Do you comment here? Then you DO change opinions

The New York Times reports

IN the beginning, the technology gods created the Internet and saw that it was good. Here, at last, was a public sphere with unlimited potential for reasoned debate and the thoughtful exchange of ideas, an enlightening conversational bridge across the many geographic, social, cultural, ideological and economic boundaries that ordinarily separate us in life, a way to pay bills without a stamp.

Then someone invented “reader comments” and paradise was lost.

The Web, it should be said, is still a marvelous place for public debate. But when it comes to reading and understanding news stories online — like this one, for example — the medium can have a surprisingly potent effect on the message. Comments from some readers, our research shows, can significantly distort what other readers think was reported in the first place.

What an arrogant piece of writing from the New York Times.

Paraphrased, they say that they used to enjoy being able to tell you what to think, and then some idiot let you express your opinion, and… shock horror, you opinion can change what people will think about the article that may be at odds with the author’s original intention. 

And they think this is a bad thing?

Here at Whale Oil Beef Hooked I’m not afraid of what you think or what you write.  In fact, it is actively encouraged.

But isn’t it nice to know that publishers of any ilk can introduce the topic, but they can no longer control the  message?

Long may it last, too.

NYT  continues

But here, it’s not the content of the comments that matters. It’s the tone.

In a study published online last month in The Journal of Computer-Mediated Communication, we and three colleagues report on an experiment designed to measure what one might call “the nasty effect.”

Half of our sample was exposed to civil reader comments and the other half to rude ones — though the actual content, length and intensity of the comments, which varied from being supportive of the new technology to being wary of the risks, were consistent across both groups. The only difference was that the rude ones contained epithets or curse words, as in: “If you don’t see the benefits of using nanotechnology in these kinds of products, you’re an idiot” and “You’re stupid if you’re not thinking of the risks for the fish and other plants and animals in water tainted with silver.”

The results were both surprising and disturbing. Uncivil comments not only polarized readers, but they often changed a participant’s interpretation of the news story itself.

In the civil group, those who initially did or did not support the technology — whom we identified with preliminary survey questions — continued to feel the same way after reading the comments. Those exposed to rude comments, however, ended up with a much more polarized understanding of the risks connected with the technology.

Simply including an ad hominem attack in a reader comment was enough to make study participants think the downside of the reported technology was greater than they’d previously thought.

While it’s hard to quantify the distortional effects of such online nastiness, it’s bound to be quite substantial, particularly — and perhaps ironically — in the area of science news.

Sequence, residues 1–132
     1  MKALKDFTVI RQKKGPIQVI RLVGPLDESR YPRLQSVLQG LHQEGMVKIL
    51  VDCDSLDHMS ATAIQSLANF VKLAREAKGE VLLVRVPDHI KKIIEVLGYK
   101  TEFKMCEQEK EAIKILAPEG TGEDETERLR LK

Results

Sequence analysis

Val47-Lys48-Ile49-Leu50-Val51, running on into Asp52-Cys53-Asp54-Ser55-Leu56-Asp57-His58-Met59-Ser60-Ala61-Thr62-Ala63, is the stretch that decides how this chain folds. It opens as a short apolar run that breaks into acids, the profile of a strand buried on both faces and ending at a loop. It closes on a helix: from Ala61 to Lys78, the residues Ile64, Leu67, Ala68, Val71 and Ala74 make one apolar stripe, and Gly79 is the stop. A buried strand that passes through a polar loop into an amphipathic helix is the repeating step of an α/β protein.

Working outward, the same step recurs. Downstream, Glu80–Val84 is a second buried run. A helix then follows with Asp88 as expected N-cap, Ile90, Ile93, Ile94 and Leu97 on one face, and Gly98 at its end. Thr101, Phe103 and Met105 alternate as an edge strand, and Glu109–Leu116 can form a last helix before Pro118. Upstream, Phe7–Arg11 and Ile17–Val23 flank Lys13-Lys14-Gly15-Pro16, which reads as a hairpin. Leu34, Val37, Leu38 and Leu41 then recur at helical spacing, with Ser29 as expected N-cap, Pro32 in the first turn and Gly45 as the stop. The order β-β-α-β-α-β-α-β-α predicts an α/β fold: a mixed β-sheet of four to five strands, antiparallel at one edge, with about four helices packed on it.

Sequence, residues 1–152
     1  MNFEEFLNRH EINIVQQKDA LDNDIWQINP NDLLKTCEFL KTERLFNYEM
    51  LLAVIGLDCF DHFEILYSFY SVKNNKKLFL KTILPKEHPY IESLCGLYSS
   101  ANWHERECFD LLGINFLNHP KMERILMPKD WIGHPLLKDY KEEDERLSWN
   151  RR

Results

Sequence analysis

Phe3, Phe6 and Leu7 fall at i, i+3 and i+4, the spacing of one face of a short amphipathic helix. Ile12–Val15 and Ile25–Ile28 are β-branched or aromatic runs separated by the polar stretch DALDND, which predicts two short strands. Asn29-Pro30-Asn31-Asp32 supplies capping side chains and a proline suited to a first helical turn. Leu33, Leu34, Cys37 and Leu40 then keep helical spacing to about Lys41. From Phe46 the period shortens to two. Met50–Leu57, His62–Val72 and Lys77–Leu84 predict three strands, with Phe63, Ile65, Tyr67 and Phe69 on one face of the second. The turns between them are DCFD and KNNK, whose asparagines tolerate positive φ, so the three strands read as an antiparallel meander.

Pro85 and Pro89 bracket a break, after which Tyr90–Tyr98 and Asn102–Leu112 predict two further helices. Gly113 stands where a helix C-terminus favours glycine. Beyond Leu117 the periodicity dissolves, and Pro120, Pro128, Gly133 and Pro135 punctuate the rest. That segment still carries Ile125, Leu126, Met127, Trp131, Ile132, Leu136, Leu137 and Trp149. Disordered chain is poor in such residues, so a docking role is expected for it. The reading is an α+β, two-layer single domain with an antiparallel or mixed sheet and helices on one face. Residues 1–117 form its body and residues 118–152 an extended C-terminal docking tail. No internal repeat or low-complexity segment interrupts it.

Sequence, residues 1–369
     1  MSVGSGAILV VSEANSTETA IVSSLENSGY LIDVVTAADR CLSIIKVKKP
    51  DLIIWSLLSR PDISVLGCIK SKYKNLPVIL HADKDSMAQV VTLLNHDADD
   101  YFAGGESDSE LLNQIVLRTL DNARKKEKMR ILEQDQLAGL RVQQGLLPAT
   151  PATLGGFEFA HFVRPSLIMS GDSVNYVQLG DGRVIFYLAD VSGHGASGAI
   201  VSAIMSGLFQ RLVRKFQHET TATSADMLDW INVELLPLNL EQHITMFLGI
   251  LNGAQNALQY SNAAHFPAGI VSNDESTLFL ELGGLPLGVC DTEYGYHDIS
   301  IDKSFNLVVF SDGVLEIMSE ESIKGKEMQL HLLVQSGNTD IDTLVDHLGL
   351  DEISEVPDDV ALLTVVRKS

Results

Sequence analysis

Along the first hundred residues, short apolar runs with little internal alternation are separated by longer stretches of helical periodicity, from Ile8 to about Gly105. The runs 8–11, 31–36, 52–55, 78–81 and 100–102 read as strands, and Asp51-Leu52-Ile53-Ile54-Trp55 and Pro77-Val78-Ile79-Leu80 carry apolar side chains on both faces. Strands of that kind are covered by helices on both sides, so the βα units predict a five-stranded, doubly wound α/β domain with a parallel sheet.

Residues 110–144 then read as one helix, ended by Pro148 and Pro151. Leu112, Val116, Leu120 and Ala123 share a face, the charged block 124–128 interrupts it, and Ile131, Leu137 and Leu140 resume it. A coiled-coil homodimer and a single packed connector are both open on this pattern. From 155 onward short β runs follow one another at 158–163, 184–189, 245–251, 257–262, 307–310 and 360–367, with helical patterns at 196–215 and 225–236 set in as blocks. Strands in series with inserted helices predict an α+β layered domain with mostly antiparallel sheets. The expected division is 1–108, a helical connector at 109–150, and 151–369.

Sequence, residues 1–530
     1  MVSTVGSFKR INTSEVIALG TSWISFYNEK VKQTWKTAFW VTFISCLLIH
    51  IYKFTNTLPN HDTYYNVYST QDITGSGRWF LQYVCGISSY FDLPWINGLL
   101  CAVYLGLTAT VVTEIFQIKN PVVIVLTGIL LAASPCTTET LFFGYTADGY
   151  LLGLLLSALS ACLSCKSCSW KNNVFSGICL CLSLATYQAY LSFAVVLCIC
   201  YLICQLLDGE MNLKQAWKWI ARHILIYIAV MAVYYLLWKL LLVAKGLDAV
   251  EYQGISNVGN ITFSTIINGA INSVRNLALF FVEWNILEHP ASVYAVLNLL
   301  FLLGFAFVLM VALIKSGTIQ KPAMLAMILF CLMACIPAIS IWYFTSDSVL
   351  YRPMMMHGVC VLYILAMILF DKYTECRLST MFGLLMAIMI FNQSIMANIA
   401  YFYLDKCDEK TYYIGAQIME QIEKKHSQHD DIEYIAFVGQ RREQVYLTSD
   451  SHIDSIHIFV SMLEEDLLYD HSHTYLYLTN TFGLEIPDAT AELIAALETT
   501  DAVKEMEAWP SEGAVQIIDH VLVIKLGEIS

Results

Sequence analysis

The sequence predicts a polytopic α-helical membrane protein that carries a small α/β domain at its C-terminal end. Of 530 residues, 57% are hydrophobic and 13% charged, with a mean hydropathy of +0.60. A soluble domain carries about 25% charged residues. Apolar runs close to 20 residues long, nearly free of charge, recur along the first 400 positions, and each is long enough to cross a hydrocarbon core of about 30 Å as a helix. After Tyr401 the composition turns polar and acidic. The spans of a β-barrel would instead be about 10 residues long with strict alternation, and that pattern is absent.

What the story doesn’t show is that those ‘nasty’ comments aren’t all one-sided.  Throughout the debate, there is balance to it.

To simply remove all ‘nasty’ comments, no matter what side of the debate they took, isn’t much of an experiment other than to lament the fact that they can’t control the message.

The New York Times does show that you have a chance to change public opinion with your contributions, and apparently, if you show passion and are committed to your particular point of view, you will be more effective at changing people’s perceptions.

It’s possible that the social norms in this brave new domain will change once more — with users shunning meanspirited attacks from posters hiding behind pseudonyms and cultivating civil debate instead.

Until then, beware the nasty effect.

The arrogance of this piece astounds me.  How is this any different to a Council meeting, a protest or the discussions at a union picket line?

They treat the reader, and commenter, as some sort of unintelligent, meek vessel that requires protection from “nastiness” and somehow needs to only have carefully crafted information poured into it, by, dare I even say it…

Decent Journalists, trained and skilled.

And your opinions my dear readers and commenters?  They don’t want them unless you are nice and compliant.  How dare you ague what they have so carefully crafted for you to consume and accept without resistance.

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As much at home writing editorials as being the subject of them, Cam has won awards, including the Canon Media Award for his work on the Len Brown/Bevan Chuang story.  And when he’s not creating the news, he tends to be in it, with protagonists using the courts, media and social media to deliver financial as well as death threats.

They say that news is something that someone, somewhere, wants kept quiet.   Cam Slater doesn’t do quiet, and as a result he is a polarising, controversial but highly effective journalist that takes no prisoners.

He is fearless in his pursuit of a story.

Love him or loathe him.  But you can’t ignore him.